STEVE INSKEEP, host:
Lawmakers across Europe are considering rules that would force companies to appoint more women as board directors. Amid the debate in his country, a German bank executive joked that putting women on his all-male executive board would make it, quote, "more colorful and prettier too." Not everybody laughed. But the comment made us wonder why some countries have an easier time than others getting more women into top corporate positions.
And we're going to talk about this with Adrian Wooldridge. He writes about management trends for The Economist magazine. He's on the line from London.
Welcome to the program.
Mr. ADRIAN WOOLDRIDGE (The Economist): Thank you very much.
INSKEEP: What's driving Europeans to debate this now?
Mr. WOOLDRIDGE: I think there is a sense in a lot of parliaments that companies should be more representative of the population and that many parliaments have introduced all-women shortlists or have introduced quotas for women. So you see some parliaments where you're beginning to get up to 50 percent representation of women in parliament. So these politicians sit back and think, why is the corporate boardroom so different?
INSKEEP: And there are some quotas or what could be described as quotas. Norway has a law that requires 40 percent of board directors be women. Spain has passed a similar law. France is phasing in a law. Is this a good idea?
Mr. WOOLDRIDGE: I don't think personally that it's a good idea, because I don't think it's the business of governments to micromanage companies to tell them who exactly they should have on their boards. And I think it's something that should be done by the market, by the shareholders. It's something that if it is the case that it's lowering company performance, then companies will adjust to that.
INSKEEP: Suppose it's left to the market, as you suggest.
Mr. WOOLDRIDGE: Mm-hmm.
INSKEEP: Can you imagine a circumstance in which women would ever become 50 percent of corporate boards, or even, let's say, 40 percent, 35 percent? That would be substantial change from where Europe is now and where America is now.
Mr. WOOLDRIDGE: We now have about 12 percent. The number has been growing, but slowly. I think that if you want to kick-start this process, if you want to reach 50, 40 percent, then the only way probably to do it is through quotas. I don't think it's a good idea but I think that would be the only way to reach those numbers. Because I think the fundamental problem here is that being a very high-powered business executive these days is exceptionally demanding on people's time, particularly as you have multinational companies with very far-flung operations. It has huge demands, and you do get a very high dropout rate of women in their 30s.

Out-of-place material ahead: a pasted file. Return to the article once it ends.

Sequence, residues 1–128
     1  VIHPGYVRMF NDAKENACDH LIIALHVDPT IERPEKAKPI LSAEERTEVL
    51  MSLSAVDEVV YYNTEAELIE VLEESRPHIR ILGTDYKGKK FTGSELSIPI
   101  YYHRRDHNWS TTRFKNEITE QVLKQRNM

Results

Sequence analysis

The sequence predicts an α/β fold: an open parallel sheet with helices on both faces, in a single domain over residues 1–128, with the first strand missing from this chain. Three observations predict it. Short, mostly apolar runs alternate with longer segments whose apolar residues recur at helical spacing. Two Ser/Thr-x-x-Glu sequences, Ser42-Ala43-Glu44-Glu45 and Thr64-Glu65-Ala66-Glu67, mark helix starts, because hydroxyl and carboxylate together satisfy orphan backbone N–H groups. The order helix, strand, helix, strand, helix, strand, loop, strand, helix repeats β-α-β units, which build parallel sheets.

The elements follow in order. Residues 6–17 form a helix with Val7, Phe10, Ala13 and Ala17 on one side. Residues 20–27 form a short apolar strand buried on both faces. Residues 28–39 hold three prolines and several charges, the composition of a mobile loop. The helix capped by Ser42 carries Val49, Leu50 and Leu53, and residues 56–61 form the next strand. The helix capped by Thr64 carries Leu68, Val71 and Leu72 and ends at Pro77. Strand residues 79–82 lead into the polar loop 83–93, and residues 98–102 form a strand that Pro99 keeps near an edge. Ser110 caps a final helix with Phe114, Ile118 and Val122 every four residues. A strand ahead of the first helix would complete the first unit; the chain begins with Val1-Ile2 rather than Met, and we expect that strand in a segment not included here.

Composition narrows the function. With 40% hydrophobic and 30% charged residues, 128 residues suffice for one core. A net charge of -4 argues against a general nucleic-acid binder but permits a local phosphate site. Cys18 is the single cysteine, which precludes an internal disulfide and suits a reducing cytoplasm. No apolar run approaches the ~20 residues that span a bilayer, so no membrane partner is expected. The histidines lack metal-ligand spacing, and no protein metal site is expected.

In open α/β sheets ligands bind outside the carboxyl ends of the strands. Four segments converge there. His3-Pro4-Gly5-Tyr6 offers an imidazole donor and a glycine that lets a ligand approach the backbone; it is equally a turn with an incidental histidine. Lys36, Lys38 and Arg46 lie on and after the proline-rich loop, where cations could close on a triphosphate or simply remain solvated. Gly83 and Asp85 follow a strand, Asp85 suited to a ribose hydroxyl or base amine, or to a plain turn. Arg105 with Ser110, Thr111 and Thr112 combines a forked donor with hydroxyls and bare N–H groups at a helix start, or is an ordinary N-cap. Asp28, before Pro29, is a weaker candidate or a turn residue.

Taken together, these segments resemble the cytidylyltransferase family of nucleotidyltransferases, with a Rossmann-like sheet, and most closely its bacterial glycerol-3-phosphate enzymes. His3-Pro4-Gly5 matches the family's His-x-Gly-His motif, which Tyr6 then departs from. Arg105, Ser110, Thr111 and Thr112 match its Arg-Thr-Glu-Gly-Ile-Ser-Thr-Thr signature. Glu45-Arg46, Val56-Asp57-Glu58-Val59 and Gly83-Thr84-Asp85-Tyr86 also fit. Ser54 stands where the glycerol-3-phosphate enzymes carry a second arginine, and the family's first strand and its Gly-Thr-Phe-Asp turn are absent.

INSKEEP: Is it possible that if you did have a quota at the top, if you forced that upon businesses, it might cause them to change some of their policies regarding more junior women employees - women who may go away for while to have kids, for example change some of their policies so it's easier for women to advance and have full careers?
Mr. WOOLDRIDGE: I think there are two strong arguments for quotas. One is that there is a consumer market out there which women understand better than men. The second is that women are more sensitive to the needs of people who are trying to combine working with raising a family, and they will do more to help women to bridge this very difficult gulf.
I think there's certainly some merit in that argument. But I do think that there is a real problem with re-recruiting or bringing women back into the workforce once they have raised their children, they have more time to devote to their careers or bring in men if they've chosen to raise the children. And I think that definitely having more women in decision-making positions might make companies think more seriously about that sort of problem.
INSKEEP: Adrian Wooldridge writes for The Economist magazine. His column is called Schumpeter.
Thanks very much.
Mr. WOOLDRIDGE: Thank you.
INSKEEP: And you can see how women are represented in the corporate boardrooms of various countries by going to npr.org.